Banana waste could, unexpectedly, hold the secret to better tasting, longer-lasting ice cream.
Ice cream, while still in its ‘cream’ form, is definitely one of man’s more fortunate inventions. Nice things don’t tend to last long, however, and ice cream is no exception — on the hot days when you need it most, it’ll readily turn into ice soup.
According to an international team of researchers, that’s because our ice cream lacks one vital ingredient: bananas. Tiny cellulose fibers extracted from banana waste, to be exact.
“As a result, this would allow for a more relaxing and enjoyable experience with the food, especially in warm weather,” says Robin Zuluaga Gallego, lead researcher for the study.
Despite the undeniable popularity that ice cream enjoys today, food scientists have long sought to overcome some of its innate drawbacks — chief among them, its tendency to melt. And they seem to really, really want to make ice-cream reconsider its melty ways, as they’ve gone as far as mixing in wood pulp extracts in an effort to keep it more stable under heat. Other, less wooden ways of going about it, have also popped up, such as a paper published last year by Japanese researchers that developed a melt-resistant ice cream based on polyphenols found in strawberries.
Zuluaga’s team, which brought together researchers from Universidad Pontificia Bolivariana, Colombia and the University of Guelph in Canada, set out to investigate a different approach based on bananas instead of strawberries. Much of this came down to sheer practicality — banana plants are considered waste after the fruits have been collected, whereas strawberries don’t leave much by-product after harvesting.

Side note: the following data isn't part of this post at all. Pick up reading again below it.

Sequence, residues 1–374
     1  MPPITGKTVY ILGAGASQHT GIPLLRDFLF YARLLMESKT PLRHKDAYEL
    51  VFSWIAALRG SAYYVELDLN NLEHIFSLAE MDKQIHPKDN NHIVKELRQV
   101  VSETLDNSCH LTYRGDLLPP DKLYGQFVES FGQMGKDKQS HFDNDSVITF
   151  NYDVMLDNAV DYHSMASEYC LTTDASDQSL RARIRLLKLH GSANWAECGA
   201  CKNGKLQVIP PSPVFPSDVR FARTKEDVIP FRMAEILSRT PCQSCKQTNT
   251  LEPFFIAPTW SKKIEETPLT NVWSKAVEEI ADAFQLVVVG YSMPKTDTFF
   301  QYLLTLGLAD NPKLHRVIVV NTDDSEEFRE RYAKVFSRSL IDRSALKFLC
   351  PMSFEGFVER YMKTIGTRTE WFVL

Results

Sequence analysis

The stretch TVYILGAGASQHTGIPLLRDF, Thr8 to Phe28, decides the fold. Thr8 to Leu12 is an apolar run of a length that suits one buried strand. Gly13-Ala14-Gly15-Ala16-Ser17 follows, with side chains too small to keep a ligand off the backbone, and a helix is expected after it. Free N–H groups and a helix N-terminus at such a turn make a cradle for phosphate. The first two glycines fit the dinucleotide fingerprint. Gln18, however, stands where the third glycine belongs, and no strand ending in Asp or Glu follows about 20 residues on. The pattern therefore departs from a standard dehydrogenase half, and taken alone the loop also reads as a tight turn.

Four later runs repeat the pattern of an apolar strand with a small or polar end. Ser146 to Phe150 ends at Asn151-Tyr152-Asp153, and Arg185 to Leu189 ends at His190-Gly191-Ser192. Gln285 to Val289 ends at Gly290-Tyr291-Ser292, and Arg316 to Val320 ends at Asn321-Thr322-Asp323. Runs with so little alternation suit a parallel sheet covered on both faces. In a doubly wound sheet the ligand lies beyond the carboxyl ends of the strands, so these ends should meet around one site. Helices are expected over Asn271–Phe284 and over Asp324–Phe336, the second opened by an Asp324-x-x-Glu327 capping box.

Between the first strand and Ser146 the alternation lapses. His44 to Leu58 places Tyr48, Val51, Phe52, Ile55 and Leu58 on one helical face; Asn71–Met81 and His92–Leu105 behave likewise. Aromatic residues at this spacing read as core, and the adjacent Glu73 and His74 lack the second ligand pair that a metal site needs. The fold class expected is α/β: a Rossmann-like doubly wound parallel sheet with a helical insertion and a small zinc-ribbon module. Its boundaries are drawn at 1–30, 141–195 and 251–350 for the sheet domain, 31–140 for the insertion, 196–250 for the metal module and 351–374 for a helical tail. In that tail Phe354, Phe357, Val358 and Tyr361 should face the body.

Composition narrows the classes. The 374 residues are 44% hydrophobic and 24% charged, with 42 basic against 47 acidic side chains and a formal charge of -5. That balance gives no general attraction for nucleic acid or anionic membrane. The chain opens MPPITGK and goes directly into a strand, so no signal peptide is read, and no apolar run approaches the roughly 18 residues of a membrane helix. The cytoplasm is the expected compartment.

In particular, the team wanted to see if fibrous material extracted banana fruit stems, or rachis, could be used to slow down melting and extend ice cream‘s shelf life. The researchers first harvested cellulose nanofibrils (CNFs) — particles that are thousands of times smaller than the width of a human hair — from ground-up banana rachis. Then, they mixed various concentrations of CNFs (from zero, used as a control, up to 0.3g/100grams of ice cream) and analyzed how this impacted the end product’s physical properties.
Ice cream mixed with CNFs tended to melt significantly more slowly than traditional compositions, the team reports. They also note than CNFs could extend the shelf life of ice cream products, and decrease their sensitivity to temperature changes as they’re being moved about. No more refrozen ice-cream, yay!
It’s not only producers that will see benefits here. CNFs increased the viscosity of low-fat ice cream — viscosity is what gives the item its texture, it’s what puts the ‘cream’ in ice cream. Paper co-author Velásquez Cock also said that CNFs could help stabilize the fats contained in ice creams, meaning they could potentially replace some of the fats — which would slash calories — without having a noticeable effect on taste, texture, or your overall enjoyment of the product.
Next, the researchers plan to test how different types of fat interact with CNFs in ice cream and other frozen foodstuffs.
The paper “Cellulose nanofibrils in ice cream: an analysis of its influence on the matrix structure” will be presented later today at the 255th National Meeting & Exposition of the American Chemical Society (ACS) in New Orleans. You can watch it live here: